Apart from obviously my mother, and the grandmothers and the aunts in my family, because I do think all the women in my family are just so incredibly strong, and have done so many great things in their lives… I’ve been lucky enough, growing up in the circus, I’ve been able to surround myself with other women who have been given the opportunity to take that stereotype that women are fragile and weak or don’t necessarily have that necessity to be strong,  because that’s not something women need to get through everyday life, being physically strong, anyway. I’ve been able to watch females take control of that and do amazing things with their bodies.

Something that I love about my job that I do get to kind of question peoples’ perceptions about that too.

I’ve had audience members in the past, and we do this thing where we kind of comes to the audience and chat to people and one of the performers was like ‘This is the woman, who at the start of the show had someone stand on top of her shoulders and then someone else stand on top of their shoulders so she’s carrying too people all at the one time!’

And this woman just sort of grabbed my arm and said, ‘but you’re beautiful’, and I was like, ‘Yeah I am but I’m also really strong! And I can still do these incredible things’, and she’s like, ‘But you’re SO beautiful why, like WHY?’. It was almost like because I was beautiful why would I possibly have pushed myself to be anything more, when I already had everything I needed in just being beautiful. And I think that that’s something that I’d really like to change in the world. The perception that that’s all women need to be to get through the world.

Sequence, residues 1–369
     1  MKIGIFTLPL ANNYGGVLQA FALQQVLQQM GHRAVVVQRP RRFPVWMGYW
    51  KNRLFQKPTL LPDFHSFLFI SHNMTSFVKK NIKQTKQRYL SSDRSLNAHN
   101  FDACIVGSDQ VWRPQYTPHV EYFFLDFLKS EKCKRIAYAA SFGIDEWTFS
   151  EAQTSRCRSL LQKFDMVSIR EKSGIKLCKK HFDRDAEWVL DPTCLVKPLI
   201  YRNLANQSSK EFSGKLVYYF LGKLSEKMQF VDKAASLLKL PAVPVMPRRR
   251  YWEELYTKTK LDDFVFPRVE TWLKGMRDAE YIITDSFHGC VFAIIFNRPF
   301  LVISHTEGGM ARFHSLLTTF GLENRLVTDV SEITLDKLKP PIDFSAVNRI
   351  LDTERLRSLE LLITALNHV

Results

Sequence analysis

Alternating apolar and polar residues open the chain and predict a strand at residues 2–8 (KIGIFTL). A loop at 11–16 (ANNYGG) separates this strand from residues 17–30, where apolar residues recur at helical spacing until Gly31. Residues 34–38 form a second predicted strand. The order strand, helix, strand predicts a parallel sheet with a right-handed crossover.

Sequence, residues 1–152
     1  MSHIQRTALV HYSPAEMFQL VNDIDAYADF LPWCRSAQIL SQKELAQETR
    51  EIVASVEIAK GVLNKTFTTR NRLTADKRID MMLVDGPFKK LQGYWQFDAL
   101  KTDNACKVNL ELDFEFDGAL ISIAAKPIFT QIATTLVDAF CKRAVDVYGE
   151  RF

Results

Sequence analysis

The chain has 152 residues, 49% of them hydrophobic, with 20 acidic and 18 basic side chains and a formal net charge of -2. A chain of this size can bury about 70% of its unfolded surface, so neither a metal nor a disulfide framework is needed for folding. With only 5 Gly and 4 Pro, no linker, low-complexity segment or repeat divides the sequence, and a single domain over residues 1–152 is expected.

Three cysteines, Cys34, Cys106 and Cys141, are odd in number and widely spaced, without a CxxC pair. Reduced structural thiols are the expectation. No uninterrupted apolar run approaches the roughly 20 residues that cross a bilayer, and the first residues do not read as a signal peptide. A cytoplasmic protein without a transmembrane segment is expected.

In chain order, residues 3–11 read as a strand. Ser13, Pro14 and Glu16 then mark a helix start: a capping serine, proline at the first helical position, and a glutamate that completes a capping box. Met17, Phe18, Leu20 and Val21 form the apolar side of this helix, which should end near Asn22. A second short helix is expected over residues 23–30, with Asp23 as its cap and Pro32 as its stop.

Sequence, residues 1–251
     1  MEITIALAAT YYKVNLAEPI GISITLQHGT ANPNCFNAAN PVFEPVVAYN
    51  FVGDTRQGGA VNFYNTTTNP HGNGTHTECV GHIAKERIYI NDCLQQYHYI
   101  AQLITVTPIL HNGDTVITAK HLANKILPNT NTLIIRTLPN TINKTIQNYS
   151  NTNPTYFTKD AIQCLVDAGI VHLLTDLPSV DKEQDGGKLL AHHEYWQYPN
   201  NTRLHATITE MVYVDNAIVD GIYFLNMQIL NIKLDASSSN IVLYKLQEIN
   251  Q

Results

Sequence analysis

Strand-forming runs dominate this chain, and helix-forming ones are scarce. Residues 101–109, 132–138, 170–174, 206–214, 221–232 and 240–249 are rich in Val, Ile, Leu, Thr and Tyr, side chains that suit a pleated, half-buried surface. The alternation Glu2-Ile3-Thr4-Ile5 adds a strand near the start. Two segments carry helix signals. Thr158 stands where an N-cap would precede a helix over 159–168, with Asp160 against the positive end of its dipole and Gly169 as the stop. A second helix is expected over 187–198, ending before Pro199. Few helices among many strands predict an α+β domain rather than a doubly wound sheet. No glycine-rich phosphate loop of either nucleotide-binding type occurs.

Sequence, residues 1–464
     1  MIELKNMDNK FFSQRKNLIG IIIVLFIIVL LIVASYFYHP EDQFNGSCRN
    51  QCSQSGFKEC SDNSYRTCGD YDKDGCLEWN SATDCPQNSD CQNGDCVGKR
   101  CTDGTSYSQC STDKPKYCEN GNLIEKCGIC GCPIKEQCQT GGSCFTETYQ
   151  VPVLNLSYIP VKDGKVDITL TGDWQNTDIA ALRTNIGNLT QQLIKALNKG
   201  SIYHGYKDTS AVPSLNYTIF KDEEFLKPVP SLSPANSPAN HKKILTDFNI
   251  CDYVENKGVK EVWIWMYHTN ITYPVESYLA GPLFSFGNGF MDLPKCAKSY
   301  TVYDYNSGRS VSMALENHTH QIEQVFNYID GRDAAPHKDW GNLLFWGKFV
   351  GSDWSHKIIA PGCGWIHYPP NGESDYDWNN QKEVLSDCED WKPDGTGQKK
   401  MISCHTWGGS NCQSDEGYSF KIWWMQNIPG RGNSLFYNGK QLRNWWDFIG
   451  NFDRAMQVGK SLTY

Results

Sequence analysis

What’s the hardest thing you’ve ever had to do?
Definitely dealing with my chronic fatigue. As much as I’ve learned so much about my body and myself, and what I really love. That whole thing that you kind of learn so much from things that are really challenging and really difficult. It’s definitely been the biggest thing, and something that I still currently deal with is my energy levels. And going to a state and time in my life when I was only 20-22 when I thought I was going to have to leave the thing that I couldn’t imagine not having in my life, and trying to work out whether that was the case.

As a circus performer, your whole career is more impressive than our very best party tricks. But can you give us an example of something particularly cool or hardcore that you’ve mastered?
As a circus performer I can obviously walk on my hands but I guess the thing I am particularly proud of is, there is another woman in the circus she is about 60 kgs…
We’ve been working on hand to hand acrobatics… We’ve got to the point now where I can be lying on my back with her in a handstand in my hands… I’m basically doing a bench-press with her in my hands, and basically I can do three reps with her in my hands… that’s a point I’m pretty pleased I’ve been able to get to.

You can catch Spenser and the rest of the Circus Oz Ensemble in ‘But Wait… There’s More’, running in Sydney until the 24th of January 2016.

VENUE
Under The Air-Conditioned Big Top
The Showring
Entertainment Quarter
Moore Park
Sydney NSW 2021

BOOKING DETAILS
Phone: 136 100
In Person: Ticketmaster outlets or at the Big Top Box Office in the hour before the show.
Web: www.ticketmaster.com.au